Another vital role of the public library is outreach. Outreach allows librarians to put a friendly face on library services and to meet our patrons where they are—used to reach nonusers, infrequent users, and the underserved. Understanding that not every community member can come to the library, outreach involves providing services outside the library walls.

In an article for the American Libraries Magazine, Abby Johnson asserted, "Just as the community belongs in the library, the library belongs in the community." Often, a library's most critical work is the work done outside the library and in the community, where it can reach the underserved, nonusers, and infrequent users.

In the early 19th century, librarians reached rural communities by horseback or horse-drawn carriages to carry books and periodicals to patrons. With the automobile's introduction, motorized bookmobiles began appearing in 1920 but were not widespread until about 1942. Whether powered by a horse or by a motor, the bookmobile was and, in many communities, still is an excellent method of reaching out to community members that cannot reach the library.

Bossier Parish opened its first public library in 1940, starting with only four branches and a bookmobile to reach the parish's more rural communities. By 1952, the bookmobile was making 61 stops every two weeks. The bookmobile served our community's rural members for 28 years until mechanical issues, and the changing needs of its patrons took it out of commission.

The last operating BPL bookmobile c. 1968
Emma Pattillo Collection: 0000.011.010a

In 1977, the Bossier Parish Libraries once again bought a bookmobile, but this time it was used to create a new branch in the Koran community. A Louisiana State Library bookmobile scheduled for the junkyard was acquired by parish librarian Lynda M. Netherland. The state agreed to donate the retired bookmobile if the Bossier Parish Library would cover the transportation cost to relocate it to its new home. The repurposed bookmobile was used as the Koran branch until 1987 when a portable office building replaced it, quadrupling its book capacity.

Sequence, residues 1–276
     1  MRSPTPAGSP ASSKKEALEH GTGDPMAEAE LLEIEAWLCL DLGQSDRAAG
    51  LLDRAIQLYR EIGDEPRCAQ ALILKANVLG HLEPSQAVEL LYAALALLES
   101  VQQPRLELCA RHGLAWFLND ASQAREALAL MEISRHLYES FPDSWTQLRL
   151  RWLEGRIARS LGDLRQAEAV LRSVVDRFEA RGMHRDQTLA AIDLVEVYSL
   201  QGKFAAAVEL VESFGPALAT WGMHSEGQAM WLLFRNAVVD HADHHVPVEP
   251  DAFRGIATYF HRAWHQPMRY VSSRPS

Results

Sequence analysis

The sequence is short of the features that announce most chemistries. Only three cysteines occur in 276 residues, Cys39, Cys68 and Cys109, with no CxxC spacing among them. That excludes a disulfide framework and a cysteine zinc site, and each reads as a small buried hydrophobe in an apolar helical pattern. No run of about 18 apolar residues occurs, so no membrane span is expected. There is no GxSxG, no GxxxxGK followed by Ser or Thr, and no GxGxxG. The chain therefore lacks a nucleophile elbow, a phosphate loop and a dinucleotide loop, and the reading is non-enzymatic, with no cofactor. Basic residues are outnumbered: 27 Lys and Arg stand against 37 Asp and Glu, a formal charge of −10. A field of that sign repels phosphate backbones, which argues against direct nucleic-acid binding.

Source: The Bossier Press-Tribune, Photo By: Tom Bryson

Outreach has always been an essential part of the Bossier Parish Library, which has always adapted to changing technologies and changing community needs. Today, we provide a delivery service we call BPL Delivers, offering services to homebound Bossier Parish residents who have a condition restricting their ability to leave their place of residence without assistance.

We also show up in places you love to be, like the Bossier Night Market, Bloom Festival, and other community events. We bring library materials and activities to local community groups such as after-school programs, nursing homes, schools, treatment facilities, and more. Our vision is to support the changing needs of Bossier Parish by re-evaluating community needs and seeking opportunities to enhance user experience.